Bedding-perpendicular joints confined to individual beds in interbedded sedimentary rocks commonly exhibit spacings which are proportional to the thickness of the jointed bed, and which vary according to lithology or structural position. The mechanical explanation for this relationship is well understood when the joints are driven by far-field crack-normal tensile stresses, but poorly understood for cracks driven by elevated fluid pressures, where the crack-driving stress is the difference between the crack-normal compression and the fluid pressure in the crack. Through a series of finite-element numerical models, we investigate how various parameters influence the driving-stress distribution around pressurized cracks in layered media, and thereby identify factors influencing the spacing of fluid-driven joints. For the situation we modeled, we observe that: (1) crack-driving stress is reduced in the vicinity of pressurized joints, and that the extent of the stress reduction depends on the contrast in elastic properties between the layers; and (2) crack-driving stress distribution depends on the ambient pore pressure during jointing. These results indicate the spacing of fluid-driven joints should depend on lithology and pore pressure.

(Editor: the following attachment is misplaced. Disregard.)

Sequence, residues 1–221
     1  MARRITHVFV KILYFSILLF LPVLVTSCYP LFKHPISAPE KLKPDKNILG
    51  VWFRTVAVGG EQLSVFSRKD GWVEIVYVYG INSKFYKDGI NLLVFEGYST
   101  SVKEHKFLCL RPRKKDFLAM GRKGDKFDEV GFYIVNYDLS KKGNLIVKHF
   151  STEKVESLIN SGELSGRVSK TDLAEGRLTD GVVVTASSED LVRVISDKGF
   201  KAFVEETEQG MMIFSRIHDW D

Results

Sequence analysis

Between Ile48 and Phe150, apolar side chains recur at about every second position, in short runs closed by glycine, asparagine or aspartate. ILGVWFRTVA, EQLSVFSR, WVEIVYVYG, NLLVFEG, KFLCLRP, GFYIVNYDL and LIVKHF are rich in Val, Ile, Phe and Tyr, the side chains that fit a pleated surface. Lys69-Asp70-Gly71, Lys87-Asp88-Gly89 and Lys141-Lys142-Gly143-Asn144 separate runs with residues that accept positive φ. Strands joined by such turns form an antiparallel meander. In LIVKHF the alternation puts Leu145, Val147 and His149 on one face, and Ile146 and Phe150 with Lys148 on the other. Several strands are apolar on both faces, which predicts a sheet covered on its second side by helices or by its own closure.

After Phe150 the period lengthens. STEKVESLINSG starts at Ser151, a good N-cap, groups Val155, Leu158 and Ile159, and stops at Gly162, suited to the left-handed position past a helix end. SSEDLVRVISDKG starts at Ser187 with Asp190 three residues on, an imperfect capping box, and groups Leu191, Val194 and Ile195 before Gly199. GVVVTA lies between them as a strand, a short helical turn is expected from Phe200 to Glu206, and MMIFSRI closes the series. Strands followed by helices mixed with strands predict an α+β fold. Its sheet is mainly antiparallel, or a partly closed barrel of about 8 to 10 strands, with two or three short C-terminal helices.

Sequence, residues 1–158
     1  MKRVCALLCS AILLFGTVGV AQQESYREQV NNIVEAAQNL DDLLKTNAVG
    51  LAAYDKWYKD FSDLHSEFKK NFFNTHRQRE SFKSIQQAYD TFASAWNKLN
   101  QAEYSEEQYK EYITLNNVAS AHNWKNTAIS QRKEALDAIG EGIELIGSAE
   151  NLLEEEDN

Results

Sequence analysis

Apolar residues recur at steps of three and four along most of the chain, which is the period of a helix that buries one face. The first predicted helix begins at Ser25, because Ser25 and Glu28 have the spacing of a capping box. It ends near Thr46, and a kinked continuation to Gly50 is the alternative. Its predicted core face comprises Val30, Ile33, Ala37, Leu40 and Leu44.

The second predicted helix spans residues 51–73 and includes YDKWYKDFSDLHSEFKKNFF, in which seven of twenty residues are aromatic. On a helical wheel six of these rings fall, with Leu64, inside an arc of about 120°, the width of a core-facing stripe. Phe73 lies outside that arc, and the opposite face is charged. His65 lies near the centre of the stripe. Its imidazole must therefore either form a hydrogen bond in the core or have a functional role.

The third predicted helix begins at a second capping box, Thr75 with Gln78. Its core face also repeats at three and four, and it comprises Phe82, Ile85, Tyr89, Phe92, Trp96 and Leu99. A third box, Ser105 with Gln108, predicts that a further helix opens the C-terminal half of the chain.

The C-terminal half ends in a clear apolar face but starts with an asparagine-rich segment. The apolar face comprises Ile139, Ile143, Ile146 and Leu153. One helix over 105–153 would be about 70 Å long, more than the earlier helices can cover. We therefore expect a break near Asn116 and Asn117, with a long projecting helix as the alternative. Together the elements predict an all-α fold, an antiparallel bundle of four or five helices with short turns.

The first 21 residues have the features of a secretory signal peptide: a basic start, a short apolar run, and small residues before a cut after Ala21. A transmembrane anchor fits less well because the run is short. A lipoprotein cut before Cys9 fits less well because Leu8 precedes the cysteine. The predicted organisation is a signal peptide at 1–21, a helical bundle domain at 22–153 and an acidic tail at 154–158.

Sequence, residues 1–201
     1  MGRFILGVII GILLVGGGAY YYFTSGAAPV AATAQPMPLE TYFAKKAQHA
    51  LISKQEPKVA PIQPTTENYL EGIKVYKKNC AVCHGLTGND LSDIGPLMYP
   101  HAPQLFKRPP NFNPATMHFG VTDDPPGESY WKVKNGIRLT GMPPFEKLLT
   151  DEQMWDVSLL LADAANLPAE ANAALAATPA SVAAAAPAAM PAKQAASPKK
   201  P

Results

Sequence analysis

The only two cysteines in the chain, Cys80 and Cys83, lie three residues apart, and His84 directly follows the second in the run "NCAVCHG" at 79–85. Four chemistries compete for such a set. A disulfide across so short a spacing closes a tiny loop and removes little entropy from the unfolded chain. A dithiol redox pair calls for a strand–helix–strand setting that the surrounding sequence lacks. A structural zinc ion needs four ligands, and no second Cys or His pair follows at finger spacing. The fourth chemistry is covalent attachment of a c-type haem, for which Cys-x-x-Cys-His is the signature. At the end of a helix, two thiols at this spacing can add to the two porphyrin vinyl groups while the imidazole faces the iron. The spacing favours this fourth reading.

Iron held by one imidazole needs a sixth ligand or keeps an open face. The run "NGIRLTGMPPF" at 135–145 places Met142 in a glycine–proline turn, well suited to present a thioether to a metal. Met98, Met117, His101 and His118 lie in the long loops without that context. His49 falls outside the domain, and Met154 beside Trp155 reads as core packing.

All Science Journal Classification (ASJC) codes
- Earth-Surface Processes